# Sharing a to-me-neat parameterization for Gaussian Processes

Nothing spectacular here, but finally got around to implementing an idea I had and wanted to share in case others find it useful. When doing GPs where you don’t “integrate-out” the latent GP, you’re left with two parameters that compete: the GP-amplitude parameter and the parameter encoding residual measurement noise. So it occurred to me that it might make sense to actually incorporate this trade-off explicitly with a parameter that encodes the proportion of variance observed in the data that is attributable to noise, the inverse of which then determines the GP amplitude. Attached to this post is an implementation of this, along with R code to play and get pretty visuals like this:

One thing I’ll note is that it’s possibly questionable that I technically do not do any inference on the magnitude of variation expected from the sum of the GP and measurement noise, effectively encoding a belief that the observed variance perfectly estimates this quantity. I’m not sure what aspects of inference this compromises however; if anyone has thoughts on this, I’d appreciate the feedback!

pvgp_demo.r (2.1 KB) pvgp_generate.stan (1.6 KB) pvgp_sample.stan (3.9 KB)

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I think what you describe is a good reparametrization technique - I’ve used it in a similar case (but with a Kalman filter) where I’ve also had trouble that there are two sources of variance that are hard to distinguish. I’ve worked with a parametrization that seems very similar to yours, but I explicitly modelled both the total variance and the proportion as (code not tested):

``````parameters {
real<lower=0> sd_total;
real<lower=0, upper=1> prop_sd1;
}

transformed parameters {
real<lower=0> sd1;
real<lower=0> sd2;
{
real total_variance = square(sd_total);
sd1 = sqrt(prop_sd1 * total_variance);
sd2 = sqrt((1 - prop_sd1) * total_variance);
}
}
``````

Which I think underlines how your parametrization is going to alter inference: you are making an additional assumption that `sd_total` (in my notation above) is always 1 (after your scaling to sd of the data). That does not sound as necessarily reasonable.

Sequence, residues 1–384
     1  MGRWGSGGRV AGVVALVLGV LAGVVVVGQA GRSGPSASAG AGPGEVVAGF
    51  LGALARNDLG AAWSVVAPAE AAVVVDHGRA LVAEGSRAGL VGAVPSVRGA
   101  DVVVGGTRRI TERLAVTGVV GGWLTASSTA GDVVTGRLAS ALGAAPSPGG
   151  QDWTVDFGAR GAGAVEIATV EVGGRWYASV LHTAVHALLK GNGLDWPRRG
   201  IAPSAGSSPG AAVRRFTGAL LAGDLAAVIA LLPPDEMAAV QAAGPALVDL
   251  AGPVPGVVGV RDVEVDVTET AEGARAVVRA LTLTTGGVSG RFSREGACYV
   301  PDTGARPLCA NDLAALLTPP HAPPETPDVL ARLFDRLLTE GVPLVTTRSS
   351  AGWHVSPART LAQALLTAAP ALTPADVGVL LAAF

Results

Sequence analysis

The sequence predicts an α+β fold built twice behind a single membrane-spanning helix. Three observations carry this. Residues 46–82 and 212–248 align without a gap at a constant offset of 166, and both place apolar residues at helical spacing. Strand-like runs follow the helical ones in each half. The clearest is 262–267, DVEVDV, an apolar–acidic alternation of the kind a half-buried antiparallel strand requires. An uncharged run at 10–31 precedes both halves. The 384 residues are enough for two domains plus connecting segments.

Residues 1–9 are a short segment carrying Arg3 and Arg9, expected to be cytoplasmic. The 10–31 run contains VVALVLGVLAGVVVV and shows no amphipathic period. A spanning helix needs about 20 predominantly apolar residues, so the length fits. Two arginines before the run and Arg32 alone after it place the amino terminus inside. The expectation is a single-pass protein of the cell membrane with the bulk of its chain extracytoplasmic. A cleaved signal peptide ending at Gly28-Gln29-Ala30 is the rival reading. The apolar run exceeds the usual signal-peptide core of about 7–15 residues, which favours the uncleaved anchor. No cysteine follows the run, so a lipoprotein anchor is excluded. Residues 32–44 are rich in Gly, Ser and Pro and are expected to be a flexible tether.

However, allowing `sd_total` to vary in your model leads to correlation between `logit_pvn` and `sd_total` and some divergences so I am actually not sure how to parametrize such a model well without making an assumption about the total variance.

Does that make sense?

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Another version of this trick is encountered in @mitzimorris’s amazing spatial models tutorial, where the BYM2 model incorporates the combined spatial and non-spatial variances as a single parameter, with a separate parameter to allocate the variance components to the spatial and nonspatial random effects.

I’ve encountered models with fairly vanilla-looking nested random effects where this parameterization also seems to help (can even define a simplex of proportions to allocate variance among multiple nested levels of a random effect). Sometimes these models are even nicely interpretable: for example if area is nested in region and species is nested in genus, then we can speak of “spatial” and “taxonomic” variances that are decomposed into their constituent levels.

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